After more than a decade of being an A- League snob, I decided to make the trek to the spiritual home of Australian football, Western Sydney, to watch Sydney United 58 take on Sydney FC in the FFA Cup round of 16.
Walking through the entrance of Edensor Park with my brother George and our friend Michael we were greeted by Smurfs hanging by a noose off a light pole (Sydney FC’s nickname is the Smurfs).
As I entered the stadium the Sydney United “ultras” behind the goals at the scoreboard end chanted:
“Sydney Croatia! Sydney Croatia!”
Sydney FC’s The Cove at the opposite end on the hill chanted back:
“Sydney Australia! Sydney Australia!”
High quality football banter is one of the lifeblood’s of football. The to and fro form the reunited tribes of “Old Football” and “New Football” (time to change that offensive moniker hey?) throughout the game showed the magic of the FFA Cup.
For the last 10 years new football has shunned old football. Half of football’s competitive advantage has been locked away like a deformed family member in the manner of Shireen the daughter and only child of Stannis and Selyse Baratheon from TV show Game of Thrones
Sydney United 58 fans do not hide their cultural allegiance, their passion and love of the game and their heritage are old football’s strength and weakness.
The strength such as quality coaching and football knowledge provided the long list of former Socceroos and the weakness the ethnic ties and small supporter base is probably the reason why Sydney United 58 may struggle to reach the top tier of Australian football once again.
In some form I’d love to see clubs like Sydney United 58 make it to the A-League.
Football Federation CEO David Gallop said in his State of the Game address that the A-League doesn’t have enough teams.
A spring September night with Old Football and New Football together celebrating the FFA Cup experience is a snap shot of what Australian football future could be.
The existing National Premier League finals where the winning team from each state federation play off in a series of play-off finals games to determine the best NPL team in the country could be a future pathway for an existing NPL team to make it to the A-League via promotion and relegation.
Perhaps it may be sooner rather than later but being at Edensor Park and watching the game I could see it happening.
The gulf in talent is not huge, Sydney United 58 were not swamped by Sydney FC. Although they lost 3-1 at crucial moments during the game they hit the bar with a header and had a goal ruled offside. With a bit of luck the outcome of the game could have been much different for the home side.
I recently interviewed National Soccer League legend Peter Katholos. When I asked the ex-Sydney Olympic, Marconi and Apia Leichardt midfielder his thoughts on the FFA Cup, the Kat told me that it was about time the tribes were reunited.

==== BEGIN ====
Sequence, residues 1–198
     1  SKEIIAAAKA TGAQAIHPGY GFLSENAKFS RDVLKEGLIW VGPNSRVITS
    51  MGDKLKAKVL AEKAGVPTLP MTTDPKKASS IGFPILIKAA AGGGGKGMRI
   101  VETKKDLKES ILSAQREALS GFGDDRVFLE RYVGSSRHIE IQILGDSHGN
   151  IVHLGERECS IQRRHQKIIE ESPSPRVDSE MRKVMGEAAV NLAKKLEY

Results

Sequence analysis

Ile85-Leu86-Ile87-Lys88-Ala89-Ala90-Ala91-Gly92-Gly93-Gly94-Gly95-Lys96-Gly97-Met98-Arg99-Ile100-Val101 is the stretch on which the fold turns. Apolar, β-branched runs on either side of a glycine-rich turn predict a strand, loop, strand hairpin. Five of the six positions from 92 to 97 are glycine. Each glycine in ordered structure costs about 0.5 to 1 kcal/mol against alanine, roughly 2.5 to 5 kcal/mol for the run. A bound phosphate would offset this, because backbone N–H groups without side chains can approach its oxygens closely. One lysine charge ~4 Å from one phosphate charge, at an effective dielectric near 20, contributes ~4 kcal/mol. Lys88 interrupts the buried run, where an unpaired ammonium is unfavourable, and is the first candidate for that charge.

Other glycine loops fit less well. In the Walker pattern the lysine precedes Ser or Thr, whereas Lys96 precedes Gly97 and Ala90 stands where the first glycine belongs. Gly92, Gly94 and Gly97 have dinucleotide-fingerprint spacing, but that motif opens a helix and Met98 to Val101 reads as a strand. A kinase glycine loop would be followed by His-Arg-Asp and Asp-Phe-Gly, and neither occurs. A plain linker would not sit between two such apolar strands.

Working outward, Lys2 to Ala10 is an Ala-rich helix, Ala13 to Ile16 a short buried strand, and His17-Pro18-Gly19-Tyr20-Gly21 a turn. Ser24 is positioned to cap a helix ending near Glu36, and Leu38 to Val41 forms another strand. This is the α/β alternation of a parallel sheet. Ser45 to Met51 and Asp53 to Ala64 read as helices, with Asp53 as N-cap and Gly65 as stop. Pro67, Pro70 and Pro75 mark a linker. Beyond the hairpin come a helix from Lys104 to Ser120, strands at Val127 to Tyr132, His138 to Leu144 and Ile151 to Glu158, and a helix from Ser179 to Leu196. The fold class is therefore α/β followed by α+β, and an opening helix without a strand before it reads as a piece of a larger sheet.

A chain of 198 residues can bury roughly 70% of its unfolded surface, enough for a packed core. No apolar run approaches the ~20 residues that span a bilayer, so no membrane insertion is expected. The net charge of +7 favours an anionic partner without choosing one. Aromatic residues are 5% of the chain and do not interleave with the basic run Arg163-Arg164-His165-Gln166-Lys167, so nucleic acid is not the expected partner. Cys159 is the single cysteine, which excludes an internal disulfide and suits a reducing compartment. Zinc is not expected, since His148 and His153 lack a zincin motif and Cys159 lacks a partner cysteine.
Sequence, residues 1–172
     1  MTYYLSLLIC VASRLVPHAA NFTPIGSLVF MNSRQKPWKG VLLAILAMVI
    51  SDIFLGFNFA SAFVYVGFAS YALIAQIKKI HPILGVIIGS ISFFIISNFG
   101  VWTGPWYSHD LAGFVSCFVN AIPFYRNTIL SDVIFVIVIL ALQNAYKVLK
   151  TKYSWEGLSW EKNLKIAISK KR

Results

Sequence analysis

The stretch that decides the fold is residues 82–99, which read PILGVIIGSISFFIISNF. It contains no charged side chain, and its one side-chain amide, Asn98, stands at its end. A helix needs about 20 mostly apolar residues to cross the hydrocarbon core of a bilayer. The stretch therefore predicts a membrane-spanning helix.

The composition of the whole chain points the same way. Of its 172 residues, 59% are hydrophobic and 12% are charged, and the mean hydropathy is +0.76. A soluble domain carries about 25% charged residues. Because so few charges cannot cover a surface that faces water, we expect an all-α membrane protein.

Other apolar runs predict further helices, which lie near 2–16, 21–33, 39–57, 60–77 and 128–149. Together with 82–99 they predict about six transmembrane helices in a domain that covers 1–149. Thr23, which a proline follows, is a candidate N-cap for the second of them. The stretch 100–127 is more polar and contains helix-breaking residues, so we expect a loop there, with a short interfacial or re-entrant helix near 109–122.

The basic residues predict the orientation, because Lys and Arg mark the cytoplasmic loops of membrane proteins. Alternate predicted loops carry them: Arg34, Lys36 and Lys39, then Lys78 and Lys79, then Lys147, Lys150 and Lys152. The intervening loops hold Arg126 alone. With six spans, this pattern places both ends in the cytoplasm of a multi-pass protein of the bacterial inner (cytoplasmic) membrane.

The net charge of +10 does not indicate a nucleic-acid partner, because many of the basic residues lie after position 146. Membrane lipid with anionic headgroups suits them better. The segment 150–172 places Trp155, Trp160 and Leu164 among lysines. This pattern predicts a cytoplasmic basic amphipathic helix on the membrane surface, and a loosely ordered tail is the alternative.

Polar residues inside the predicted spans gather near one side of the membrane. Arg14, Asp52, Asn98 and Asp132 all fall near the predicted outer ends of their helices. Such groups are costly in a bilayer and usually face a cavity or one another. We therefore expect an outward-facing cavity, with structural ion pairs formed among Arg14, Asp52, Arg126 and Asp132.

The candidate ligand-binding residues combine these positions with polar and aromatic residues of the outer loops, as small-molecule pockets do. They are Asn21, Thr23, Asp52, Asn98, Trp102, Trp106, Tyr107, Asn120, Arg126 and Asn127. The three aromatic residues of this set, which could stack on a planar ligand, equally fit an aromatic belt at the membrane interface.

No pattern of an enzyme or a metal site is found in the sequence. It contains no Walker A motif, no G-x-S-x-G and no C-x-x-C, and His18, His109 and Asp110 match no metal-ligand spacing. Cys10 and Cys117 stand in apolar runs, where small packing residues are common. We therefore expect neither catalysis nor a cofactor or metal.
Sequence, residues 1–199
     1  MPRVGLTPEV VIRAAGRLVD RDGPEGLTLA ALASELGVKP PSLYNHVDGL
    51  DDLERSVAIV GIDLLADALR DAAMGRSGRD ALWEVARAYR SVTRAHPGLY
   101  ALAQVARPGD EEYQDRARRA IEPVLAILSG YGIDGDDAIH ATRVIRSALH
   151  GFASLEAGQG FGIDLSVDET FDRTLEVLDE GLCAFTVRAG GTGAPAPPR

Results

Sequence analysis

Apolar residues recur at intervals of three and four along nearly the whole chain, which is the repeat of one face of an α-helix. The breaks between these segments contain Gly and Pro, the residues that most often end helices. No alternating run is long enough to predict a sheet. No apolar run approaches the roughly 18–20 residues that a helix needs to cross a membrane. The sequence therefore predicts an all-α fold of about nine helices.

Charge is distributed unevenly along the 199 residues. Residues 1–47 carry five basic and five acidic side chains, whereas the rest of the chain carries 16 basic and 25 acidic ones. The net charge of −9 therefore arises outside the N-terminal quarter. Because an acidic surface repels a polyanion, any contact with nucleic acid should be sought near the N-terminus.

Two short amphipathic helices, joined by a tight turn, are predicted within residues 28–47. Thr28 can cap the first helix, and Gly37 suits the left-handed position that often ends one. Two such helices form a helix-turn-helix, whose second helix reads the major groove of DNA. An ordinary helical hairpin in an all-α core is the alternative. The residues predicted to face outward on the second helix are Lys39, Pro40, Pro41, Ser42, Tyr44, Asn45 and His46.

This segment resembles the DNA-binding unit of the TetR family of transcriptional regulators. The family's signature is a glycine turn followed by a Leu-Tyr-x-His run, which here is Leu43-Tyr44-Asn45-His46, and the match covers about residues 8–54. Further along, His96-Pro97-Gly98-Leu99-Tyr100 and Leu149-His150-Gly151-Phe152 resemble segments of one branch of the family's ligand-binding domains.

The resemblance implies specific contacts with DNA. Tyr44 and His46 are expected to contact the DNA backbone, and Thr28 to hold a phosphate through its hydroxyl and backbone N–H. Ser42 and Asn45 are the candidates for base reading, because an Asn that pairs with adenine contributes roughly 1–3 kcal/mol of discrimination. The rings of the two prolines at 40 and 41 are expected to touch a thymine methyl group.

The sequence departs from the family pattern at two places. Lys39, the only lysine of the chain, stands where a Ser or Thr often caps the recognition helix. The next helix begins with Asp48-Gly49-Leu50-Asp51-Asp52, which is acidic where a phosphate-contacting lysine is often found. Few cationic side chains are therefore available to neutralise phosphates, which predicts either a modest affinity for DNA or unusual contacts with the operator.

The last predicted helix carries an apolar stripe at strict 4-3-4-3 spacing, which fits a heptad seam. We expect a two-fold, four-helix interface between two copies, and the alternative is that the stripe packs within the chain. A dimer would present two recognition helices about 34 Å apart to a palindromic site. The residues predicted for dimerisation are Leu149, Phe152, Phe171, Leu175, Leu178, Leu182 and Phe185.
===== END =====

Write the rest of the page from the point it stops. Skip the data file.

“It should have been done ages ago.” Katholos said.
“You can’t forget about your roots. Your roots are your ethnic clubs that kept football in this country going.
“Who kept the Soccer going? Your Sydney Olympics, Marconis, the Apias, South Melbournes and Heidelbergs.
“You can’t forget about these clubs. You need to embrace them and not forget your history and I think now the Football Federation of Australia is embracing their history.
“It’s great to see! Because no football code, Aussie Rules, Rugby Union, forgets about their history. Because if you have no history you have no substance, you’ve have nothing.
“There are people that have worked tirelessly for years to keep the game going. We the players that played in the 80s, we were never recognised properly.
“You know what I mean? But now there’s a little bit of recognition coming and that’s the way it should be. We offered so much! We inspired the current generations!”
Being at the game brought back the memories of the NSL when I used to support Sydney Olympic.
Now that the A-League has gone mainstream Con, Spiro and Koula share the stands with Shayne, Wayne and Cheryl.
That is the way it should be. The multicultural aspect of Australian football supporters is the code’s competitive advantage.
Driving back home after the game had concluded we listened to ABC radio station 702 in the car and there was a review of the game.
The brief match report went through the atmosphere that the 8,000 Sydney United and Sydney FC fans brought to the game.
It went through the two cracking goals by Sydney FC midfielder Christopher Naumoff. It told the listeners how Sydney United equalised and how the team who have a much smaller wage bill than their opponents gave as good as they got.
More than 10 years ago a radio station like ABC 702 would never have reported on an Australian football cup competition. Hearing the match report is an indication of just how big the game has grown.
Being at Edensor may have been a blast from the past but it could also be a glimpse into Australia’s football future.